Jiab Wasserman recently retired at age 53 from her job as a financial analyst at a large bank. She and her husband, a retired high school teacher, currently live in Granada, Spain, and blog about financial and other aspects of retirement—as well as about relocating to another country—at YourThirdLife.com. Her previous blogs for HumbleDollar were Taking Their MoneyWhy Wait and Won in Translation.

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YalieNE
YalieNE
2 years ago

Men work more than do women – no discussion of this fact in this opinion piece.

Jim Wasserman
Jim Wasserman
2 years ago
Reply to  YalieNE

I’m not sure of your point. The article is about equal pay for equal work. She is not saying pay someone the same for less work. If you are asserting quality of work, then pray what is your study that supports this “fact?”

YalieNE
YalieNE
2 years ago
Reply to  Jim Wasserman

Men have more work experience period and work more.

David Baese
David Baese
2 years ago

Look at it this way guys…if our wives had been fairly compensated we could have worked less and retired earlier.
Dave

Jiab Wasserman
Jiab Wasserman
2 years ago
Reply to  David Baese

Exactly. Considering that 50% of American household are dual income. That means women not receiving their financial due negatively impact families and puts pressure on men to earn more.

David Baese
David Baese
2 years ago
Reply to  Jiab Wasserman

Jiab,
I’m always surprised when someone agrees with me, especially when that individual is smart enough to retire at age 53 and live in Grenada, Spain. The fact that you’re able to do that tells me that life hasn’t treated you badly on the grand scale of things. Have you considered the impact of retiring at age 53 on your future Social Security benefits?
Dave

Kristine Hayes
Kristine Hayes
2 years ago

As a woman, I suppose I should be pumping my fist and proclaiming “Equal pay for equal work!” But, from some of the studies I’ve seen, the issue is that they often compare average salaries across ALL occupations. A lot of higher paying jobs/careers are, at this point, often dominated by men. This page (https://flowingdata.com/2017/09/11/most-female-and-male-occupations-since-1950/) shows some interesting data as far as percent of men and women employed in various fields. The construction industry is dominated by men. Early childhood education is dominated by women. Do those two fields pay ‘equally’? Likely not. The construction industry generally pays higher wages. But would a woman who signed up to be an electrical apprentice, at the same time a man did, be paid the same? Yes, at least where I live. There isn’t a separate pay scale for men and women electricians. Would a wage gap exist if 50% of plumbers and mechanics were women and 50% of preschool teachers and hair stylists were men? Perhaps, but we may never know.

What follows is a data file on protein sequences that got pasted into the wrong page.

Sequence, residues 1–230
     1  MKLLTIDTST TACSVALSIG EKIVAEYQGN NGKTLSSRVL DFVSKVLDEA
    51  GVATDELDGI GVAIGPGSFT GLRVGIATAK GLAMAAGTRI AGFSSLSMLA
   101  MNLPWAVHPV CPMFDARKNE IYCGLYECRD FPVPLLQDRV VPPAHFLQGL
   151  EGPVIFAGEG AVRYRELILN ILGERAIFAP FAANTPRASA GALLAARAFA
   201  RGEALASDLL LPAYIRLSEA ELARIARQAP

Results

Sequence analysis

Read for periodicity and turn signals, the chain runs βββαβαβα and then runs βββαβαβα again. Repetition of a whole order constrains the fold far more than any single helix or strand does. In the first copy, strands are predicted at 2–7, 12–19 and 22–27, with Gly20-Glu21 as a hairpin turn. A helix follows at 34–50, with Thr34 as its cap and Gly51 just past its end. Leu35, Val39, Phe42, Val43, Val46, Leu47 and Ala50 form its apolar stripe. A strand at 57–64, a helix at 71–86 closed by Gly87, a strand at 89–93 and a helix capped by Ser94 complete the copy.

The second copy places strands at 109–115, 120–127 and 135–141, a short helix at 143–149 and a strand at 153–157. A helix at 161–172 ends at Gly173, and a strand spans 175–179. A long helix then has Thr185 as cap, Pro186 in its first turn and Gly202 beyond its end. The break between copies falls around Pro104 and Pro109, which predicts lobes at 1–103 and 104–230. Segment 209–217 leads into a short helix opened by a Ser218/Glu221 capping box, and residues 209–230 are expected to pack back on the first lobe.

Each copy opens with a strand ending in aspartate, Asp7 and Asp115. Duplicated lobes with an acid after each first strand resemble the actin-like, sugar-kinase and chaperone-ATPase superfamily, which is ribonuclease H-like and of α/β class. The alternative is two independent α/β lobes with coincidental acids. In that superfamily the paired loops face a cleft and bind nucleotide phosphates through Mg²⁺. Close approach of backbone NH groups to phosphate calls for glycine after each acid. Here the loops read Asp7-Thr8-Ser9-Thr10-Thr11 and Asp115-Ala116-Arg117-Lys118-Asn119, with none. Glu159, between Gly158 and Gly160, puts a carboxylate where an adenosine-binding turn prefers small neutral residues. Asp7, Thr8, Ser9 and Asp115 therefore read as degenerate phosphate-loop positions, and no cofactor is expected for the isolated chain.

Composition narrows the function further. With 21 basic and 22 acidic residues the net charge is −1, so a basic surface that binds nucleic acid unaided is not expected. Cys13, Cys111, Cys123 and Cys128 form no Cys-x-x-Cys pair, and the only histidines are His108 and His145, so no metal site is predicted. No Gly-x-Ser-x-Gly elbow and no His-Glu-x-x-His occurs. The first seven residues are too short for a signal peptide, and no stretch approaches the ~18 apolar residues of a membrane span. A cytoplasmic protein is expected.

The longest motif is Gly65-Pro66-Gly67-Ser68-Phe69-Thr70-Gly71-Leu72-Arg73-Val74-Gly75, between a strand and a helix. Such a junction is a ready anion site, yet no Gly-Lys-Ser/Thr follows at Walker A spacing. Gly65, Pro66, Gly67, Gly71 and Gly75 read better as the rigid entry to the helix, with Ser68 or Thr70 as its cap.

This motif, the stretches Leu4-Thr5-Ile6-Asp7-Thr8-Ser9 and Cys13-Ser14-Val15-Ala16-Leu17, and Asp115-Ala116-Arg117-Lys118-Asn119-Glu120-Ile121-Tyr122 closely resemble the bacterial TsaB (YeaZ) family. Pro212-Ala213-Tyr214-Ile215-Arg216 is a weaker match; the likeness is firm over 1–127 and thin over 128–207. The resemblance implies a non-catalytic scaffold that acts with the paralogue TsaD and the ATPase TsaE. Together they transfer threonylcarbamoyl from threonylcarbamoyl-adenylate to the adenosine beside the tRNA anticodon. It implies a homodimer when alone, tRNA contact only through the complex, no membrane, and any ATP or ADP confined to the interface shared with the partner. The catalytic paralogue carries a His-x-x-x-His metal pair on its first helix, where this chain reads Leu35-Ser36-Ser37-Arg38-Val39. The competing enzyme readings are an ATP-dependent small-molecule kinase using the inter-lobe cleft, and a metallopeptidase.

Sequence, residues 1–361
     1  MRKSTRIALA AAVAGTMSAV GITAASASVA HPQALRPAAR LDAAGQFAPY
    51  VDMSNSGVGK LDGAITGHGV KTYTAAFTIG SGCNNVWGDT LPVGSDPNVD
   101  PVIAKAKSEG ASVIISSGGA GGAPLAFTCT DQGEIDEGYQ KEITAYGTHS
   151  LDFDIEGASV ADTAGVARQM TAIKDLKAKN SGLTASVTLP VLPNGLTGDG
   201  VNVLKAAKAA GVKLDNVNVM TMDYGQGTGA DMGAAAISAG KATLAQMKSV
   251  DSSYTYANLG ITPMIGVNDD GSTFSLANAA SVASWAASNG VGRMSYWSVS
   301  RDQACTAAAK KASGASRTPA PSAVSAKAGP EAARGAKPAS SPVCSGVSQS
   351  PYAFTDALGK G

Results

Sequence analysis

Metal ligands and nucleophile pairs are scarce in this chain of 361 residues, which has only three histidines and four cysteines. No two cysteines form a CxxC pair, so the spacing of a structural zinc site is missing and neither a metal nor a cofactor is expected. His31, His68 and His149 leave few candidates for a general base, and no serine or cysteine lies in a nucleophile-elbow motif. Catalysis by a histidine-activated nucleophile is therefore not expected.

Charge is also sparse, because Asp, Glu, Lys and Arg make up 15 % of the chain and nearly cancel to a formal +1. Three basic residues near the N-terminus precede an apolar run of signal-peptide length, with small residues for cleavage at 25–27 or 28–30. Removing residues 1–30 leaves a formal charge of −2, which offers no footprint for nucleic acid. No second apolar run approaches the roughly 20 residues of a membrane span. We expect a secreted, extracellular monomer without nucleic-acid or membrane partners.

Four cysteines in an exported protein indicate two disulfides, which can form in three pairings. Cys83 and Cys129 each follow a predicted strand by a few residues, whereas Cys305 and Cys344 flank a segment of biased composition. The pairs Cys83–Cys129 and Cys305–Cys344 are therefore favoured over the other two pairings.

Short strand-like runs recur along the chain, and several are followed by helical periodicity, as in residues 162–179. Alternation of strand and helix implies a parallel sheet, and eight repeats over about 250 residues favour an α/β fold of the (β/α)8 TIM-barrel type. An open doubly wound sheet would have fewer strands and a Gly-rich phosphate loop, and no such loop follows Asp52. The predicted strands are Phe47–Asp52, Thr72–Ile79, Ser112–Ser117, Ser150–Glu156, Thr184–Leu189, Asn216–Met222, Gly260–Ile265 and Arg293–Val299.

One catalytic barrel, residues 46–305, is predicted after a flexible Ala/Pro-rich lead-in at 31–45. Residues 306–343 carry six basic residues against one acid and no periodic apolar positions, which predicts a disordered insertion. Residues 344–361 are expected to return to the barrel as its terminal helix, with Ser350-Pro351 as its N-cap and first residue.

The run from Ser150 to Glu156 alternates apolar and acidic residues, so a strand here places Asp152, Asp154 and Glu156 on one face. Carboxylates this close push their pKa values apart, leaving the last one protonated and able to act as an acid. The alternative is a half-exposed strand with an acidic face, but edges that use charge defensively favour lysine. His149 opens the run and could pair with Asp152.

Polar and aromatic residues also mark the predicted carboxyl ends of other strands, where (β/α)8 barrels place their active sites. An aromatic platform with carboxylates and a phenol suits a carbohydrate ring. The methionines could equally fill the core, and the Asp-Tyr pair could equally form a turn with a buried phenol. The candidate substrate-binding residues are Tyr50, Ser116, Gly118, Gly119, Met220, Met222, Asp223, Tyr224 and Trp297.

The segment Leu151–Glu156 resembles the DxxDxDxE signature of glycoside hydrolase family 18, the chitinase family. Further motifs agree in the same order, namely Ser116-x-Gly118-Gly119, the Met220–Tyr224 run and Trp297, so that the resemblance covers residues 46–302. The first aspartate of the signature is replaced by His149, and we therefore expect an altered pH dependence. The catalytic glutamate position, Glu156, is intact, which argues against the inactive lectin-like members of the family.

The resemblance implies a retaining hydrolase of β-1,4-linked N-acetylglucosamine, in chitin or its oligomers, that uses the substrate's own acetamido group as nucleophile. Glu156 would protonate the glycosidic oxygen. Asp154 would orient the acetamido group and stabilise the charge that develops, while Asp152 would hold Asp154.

parkslope
parkslope
2 years ago
Reply to  Kristine Hayes

Although pay discrimination clearly exists, you are correct that most of the gender pay gap is due to 1) gendered job segregation, and 2) men working longer hours. Labor economists have concluded that this accounts for all but a small difference in the gender gap. However, that doesn’t change the fact that women are still much more likely to have primary responsibility for child care, which makes it very difficult for them to work as many hours as their male counterparts. Explanations for the pay gap also fail to address the issue of why female dominated jobs pay less than male dominated jobs that require similar levels of skill and education.

Jiab Wasserman
Jiab Wasserman
2 years ago